Monday, 15 July 2013

T’Pau: Star Trek meets pop music

Band names come from the strangest places. Sometimes they have some sort of story or history to them. Sometimes they refer to something common or cryptic.

When I first heard the song “Heart and Soul” was sung by a band called T’Pau, I really didn’t believe it. It couldn’t be, could it? I was stunned. Had someone cool actually named their band after a fairly obscure character from "Star Trek". After all T’Pau was the female leader of the Vulcans who helped Spock through the  pon farr in the episode “Amok Time”. It was also noted then that she was the only person who had been offered a seat on the Federation Council but refused.

It in fact was true. T’Pau, a band from Britain, had taken their name from Star Trek and their song which, near the end of Grade 12 (the spring of 1987), started playing on the radio and moving up the charts. According to the website'Pau, "In 1986, the name 'T'Pau' ended up being adopted by a music band led by Carol Decker, who took the inspiration from 'Amok Time' playing on a television she was watching while doing some ironing. Decker recalled, 'I just thought it was a really snappy onomatopoeic word and I ran it by the band'."

Their first single was "Heart and Soul" and it went all the way to number four on the Billboard Hot 100 chart in 1987, and number one in Canada on August 22, 1987. That was by far their most popular song. Their next single was "China in Your Hand", which went to number one in the United Kingdom, but barely caught a sniff on the Billboard charts, and only rose as high as number 20 in Canada.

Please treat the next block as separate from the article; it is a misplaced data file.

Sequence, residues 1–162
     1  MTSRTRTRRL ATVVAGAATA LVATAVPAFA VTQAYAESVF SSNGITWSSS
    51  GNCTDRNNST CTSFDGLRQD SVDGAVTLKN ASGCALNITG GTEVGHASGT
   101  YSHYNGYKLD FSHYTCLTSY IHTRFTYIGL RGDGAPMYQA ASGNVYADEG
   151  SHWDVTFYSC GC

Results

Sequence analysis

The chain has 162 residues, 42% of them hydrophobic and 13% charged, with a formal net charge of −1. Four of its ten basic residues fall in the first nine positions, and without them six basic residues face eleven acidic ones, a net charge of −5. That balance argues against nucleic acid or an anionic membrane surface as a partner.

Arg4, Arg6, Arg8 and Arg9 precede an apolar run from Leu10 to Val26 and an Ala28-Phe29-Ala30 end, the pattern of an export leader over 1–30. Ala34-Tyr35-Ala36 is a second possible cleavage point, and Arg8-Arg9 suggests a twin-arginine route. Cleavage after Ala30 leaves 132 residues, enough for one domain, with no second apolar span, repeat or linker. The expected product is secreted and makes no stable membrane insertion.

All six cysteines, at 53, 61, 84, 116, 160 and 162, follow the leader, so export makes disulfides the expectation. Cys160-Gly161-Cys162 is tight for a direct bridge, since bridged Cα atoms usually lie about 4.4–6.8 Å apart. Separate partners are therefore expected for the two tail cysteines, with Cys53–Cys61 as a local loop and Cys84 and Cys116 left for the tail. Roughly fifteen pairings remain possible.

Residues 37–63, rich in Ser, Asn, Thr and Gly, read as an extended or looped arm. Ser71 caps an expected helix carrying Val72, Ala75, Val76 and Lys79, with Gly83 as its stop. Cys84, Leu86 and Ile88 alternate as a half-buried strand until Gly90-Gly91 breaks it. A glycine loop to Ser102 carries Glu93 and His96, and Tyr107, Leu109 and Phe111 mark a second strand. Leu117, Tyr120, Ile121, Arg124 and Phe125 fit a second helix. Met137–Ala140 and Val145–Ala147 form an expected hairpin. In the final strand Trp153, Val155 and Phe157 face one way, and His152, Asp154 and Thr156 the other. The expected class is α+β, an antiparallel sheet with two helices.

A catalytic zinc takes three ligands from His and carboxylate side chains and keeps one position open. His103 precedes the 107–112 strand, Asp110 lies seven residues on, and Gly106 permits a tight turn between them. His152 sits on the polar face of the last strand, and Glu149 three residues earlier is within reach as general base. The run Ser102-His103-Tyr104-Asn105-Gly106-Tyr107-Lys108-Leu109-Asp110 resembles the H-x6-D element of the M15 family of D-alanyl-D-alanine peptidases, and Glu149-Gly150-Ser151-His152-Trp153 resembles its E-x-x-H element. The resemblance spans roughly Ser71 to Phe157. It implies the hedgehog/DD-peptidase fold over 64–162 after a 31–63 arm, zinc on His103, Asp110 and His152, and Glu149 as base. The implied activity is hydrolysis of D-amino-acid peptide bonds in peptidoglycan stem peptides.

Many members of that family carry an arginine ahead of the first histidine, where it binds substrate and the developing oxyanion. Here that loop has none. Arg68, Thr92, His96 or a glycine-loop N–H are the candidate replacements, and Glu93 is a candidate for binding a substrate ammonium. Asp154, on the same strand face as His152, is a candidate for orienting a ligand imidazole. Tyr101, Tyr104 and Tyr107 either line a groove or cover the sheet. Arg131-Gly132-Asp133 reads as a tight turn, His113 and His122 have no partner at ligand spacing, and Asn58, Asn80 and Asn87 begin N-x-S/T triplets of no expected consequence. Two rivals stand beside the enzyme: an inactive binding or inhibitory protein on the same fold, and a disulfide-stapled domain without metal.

Still, I remember "China in Your Hand" on the radio. One day, Chris Vining, my best friend of the time, asked me if the lead singer was singing “China” or “Chinar” in your hand. After spending time around the English over the years, I am still no closer to telling the difference.

I never gave T'Pau a second thought after Grade 12. Until, just over two years later in my third year of university, I would hear them perform on the University of Alberta campus at the Butterdome at Bear Country. I recall my friend Kevan Farrell bringing me one of the posters after the concert was over.

It seemed like an eternity between Grade 12 and third year, but so much more happened every year then, than it does now.

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